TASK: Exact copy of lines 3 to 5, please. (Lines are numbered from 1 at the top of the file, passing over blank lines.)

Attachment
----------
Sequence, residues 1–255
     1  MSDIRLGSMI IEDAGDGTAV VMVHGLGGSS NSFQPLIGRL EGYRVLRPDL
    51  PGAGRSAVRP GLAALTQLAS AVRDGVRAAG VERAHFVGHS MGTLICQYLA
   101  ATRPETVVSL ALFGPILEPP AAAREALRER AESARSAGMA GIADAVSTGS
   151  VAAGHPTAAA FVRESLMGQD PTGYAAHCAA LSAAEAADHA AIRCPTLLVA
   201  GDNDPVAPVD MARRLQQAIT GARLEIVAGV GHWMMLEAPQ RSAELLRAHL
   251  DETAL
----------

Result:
    51  PGAGRSAVRP GLAALTQLAS AVRDGVRAAG VERAHFVGHS MGTLICQYLA
   101  ATRPETVVSL ALFGPILEPP AAAREALRER AESARSAGMA GIADAVSTGS
   151  VAAGHPTAAA FVRESLMGQD PTGYAAHCAA LSAAEAADHA AIRCPTLLVA